Laparoscopic Surgery Safe, Effective for Rectal Cancer

Laparoscopic interventions for rectal cancer are controversial. Oncologists have concerns about high conversion rates and long operating times associated with laparoscopic total mesorectal excision (TME), and they worry that laparoscopic TME violates the principle of sharp mesorectal dissection.

Laparoscopic interventions for rectal cancer are controversial. Oncologists have concerns about high conversion rates and long operating times associated with laparoscopic total mesorectal excision (TME), and they worry that laparoscopic TME violates the principle of sharp mesorectal dissection. With most minimally invasive surgeries improving rapidly, a team of Italian researchers has taken a closer look at laparoscopic TME. Their study appears in the September 2014 issue of the International Journal of Colorectal Disease, and suggests that laparoscopic TME’s safety and long-term results have improved considerably and are acceptable for most patients.

The researchers prospectively enrolled 186 unselected consecutive patients who had laparoscopic TME for middle and low rectal cancer between January 2001 and December 2011, and followed patients for an average of 71 months.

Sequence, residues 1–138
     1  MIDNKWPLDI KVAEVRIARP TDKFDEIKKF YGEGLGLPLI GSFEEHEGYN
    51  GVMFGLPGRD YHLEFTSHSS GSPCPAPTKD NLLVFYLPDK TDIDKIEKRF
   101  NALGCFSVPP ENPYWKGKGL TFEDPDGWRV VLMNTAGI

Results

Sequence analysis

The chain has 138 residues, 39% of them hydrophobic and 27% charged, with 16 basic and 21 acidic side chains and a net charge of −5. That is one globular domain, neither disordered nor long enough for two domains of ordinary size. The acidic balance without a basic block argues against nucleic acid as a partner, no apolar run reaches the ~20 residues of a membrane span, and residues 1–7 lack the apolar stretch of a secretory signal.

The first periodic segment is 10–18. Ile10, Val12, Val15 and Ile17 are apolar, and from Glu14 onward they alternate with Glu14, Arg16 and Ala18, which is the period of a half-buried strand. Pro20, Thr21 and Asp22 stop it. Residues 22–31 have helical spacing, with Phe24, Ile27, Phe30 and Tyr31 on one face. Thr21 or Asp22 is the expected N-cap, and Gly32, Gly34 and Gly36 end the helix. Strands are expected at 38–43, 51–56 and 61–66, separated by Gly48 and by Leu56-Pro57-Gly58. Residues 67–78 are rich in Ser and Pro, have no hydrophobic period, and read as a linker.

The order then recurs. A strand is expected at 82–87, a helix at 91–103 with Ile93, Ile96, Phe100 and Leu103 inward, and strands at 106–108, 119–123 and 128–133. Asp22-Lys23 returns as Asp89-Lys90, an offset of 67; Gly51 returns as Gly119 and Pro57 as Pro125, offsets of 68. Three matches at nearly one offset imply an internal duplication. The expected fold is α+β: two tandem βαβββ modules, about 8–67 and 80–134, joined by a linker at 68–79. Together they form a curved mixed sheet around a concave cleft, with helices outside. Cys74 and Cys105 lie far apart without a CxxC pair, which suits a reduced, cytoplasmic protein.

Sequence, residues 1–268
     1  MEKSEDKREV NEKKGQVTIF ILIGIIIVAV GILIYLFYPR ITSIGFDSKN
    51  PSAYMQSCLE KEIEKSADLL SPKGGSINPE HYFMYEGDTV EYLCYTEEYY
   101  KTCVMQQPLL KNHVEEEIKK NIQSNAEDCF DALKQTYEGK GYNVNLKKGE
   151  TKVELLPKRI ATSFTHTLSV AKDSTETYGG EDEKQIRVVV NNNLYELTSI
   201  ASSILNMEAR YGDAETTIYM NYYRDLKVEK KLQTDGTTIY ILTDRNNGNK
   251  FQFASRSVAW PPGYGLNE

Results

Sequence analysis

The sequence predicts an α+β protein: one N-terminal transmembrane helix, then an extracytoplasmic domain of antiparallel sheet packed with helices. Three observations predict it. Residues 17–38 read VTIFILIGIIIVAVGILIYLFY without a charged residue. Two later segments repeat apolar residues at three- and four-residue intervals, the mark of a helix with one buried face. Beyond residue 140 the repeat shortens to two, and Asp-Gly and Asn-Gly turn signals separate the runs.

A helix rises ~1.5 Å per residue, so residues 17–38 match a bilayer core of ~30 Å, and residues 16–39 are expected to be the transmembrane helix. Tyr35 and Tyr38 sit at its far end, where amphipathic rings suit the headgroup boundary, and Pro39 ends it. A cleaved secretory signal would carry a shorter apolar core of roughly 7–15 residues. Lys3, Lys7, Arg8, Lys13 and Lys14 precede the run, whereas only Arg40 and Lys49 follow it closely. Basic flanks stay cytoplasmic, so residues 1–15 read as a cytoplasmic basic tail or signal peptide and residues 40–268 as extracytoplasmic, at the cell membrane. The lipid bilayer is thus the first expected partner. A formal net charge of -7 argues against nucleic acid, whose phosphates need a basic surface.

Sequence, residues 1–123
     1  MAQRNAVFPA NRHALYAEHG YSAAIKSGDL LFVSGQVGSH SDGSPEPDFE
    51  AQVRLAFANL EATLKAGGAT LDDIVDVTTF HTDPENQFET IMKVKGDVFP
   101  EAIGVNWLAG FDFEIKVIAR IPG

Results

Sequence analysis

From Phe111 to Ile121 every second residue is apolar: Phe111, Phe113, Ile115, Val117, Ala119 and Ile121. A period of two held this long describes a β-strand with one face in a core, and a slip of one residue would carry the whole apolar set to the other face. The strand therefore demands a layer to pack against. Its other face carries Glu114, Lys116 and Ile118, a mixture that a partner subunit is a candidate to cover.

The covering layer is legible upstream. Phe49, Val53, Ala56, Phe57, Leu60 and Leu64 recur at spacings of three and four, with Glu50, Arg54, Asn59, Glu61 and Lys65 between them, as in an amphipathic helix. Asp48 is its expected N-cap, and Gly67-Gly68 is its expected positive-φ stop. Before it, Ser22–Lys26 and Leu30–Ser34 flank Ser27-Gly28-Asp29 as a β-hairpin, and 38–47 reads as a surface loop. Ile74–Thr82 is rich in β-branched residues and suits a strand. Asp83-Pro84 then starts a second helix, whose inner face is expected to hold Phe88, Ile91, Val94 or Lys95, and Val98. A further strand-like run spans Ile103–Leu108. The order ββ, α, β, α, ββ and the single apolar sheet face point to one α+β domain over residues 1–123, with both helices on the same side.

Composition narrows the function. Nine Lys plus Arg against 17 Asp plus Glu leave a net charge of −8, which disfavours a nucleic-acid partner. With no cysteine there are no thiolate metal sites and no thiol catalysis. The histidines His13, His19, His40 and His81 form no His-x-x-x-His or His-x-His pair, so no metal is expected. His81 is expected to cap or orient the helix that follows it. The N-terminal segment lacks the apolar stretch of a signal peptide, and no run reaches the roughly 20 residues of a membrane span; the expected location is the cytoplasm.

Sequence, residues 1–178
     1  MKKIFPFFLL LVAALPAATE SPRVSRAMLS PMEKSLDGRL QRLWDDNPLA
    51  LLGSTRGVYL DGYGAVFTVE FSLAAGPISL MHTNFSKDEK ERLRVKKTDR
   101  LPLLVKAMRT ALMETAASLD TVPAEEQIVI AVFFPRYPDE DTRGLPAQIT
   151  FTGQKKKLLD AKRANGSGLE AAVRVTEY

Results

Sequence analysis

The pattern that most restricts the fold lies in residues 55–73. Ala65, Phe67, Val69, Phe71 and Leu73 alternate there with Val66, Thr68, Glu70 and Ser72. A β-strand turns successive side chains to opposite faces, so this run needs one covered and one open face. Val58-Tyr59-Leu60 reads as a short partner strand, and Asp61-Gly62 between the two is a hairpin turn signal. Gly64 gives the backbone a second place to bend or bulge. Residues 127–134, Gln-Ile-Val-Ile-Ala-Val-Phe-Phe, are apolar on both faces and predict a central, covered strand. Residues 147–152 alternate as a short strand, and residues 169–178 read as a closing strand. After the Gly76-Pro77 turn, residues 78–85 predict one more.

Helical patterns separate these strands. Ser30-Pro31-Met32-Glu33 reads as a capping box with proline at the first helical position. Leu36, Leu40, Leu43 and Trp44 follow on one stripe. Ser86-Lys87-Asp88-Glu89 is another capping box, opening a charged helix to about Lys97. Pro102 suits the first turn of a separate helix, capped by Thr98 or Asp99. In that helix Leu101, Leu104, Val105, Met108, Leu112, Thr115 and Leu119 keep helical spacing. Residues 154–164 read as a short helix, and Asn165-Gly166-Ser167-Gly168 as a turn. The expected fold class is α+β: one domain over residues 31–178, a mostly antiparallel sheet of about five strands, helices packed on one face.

Among study participants, 5% were TNM stage T1, 37% were TNM stage T2, 52.5% were TNM stage T3, and 6% were TNM stage T4; half of patients had lymph node metastases. On average, surgery took 3.9 hours, and surgeons achieved complete microscopic excision in 91% of patients. The average postoperative length of hospital stay was 9 days.

Mortality and morbidity were significantly lower after laparoscopic surgery compared to open surgery. Postoperative morbidity rate after laparoscopic surgery was 24%, and 19% of patients developed surgery-related complications.

At 5 years, 77% of patients were still alive. Survival was highest for patients with stage 1 and 2 disease (89% and 81%, respectively). Survival was 43% for stage 3 disease, and 10% in stage 4 disease and 10% for stage 4. The 5-year disease-free survival rate was 66%.

Acknowledging that bowel cancer survival continues to fall beyond 5 years after diagnosis, the researchers gathered 10-year data. At ten years, survival decreased to 54%. Nine patients (4.8%) experienced a pelvic recurrence, and late metastases developed in 31 patients (17.2%).

The authors conclude that “laparoscopic TME could be considered as an essential tool in centers that perform rectal surgery.”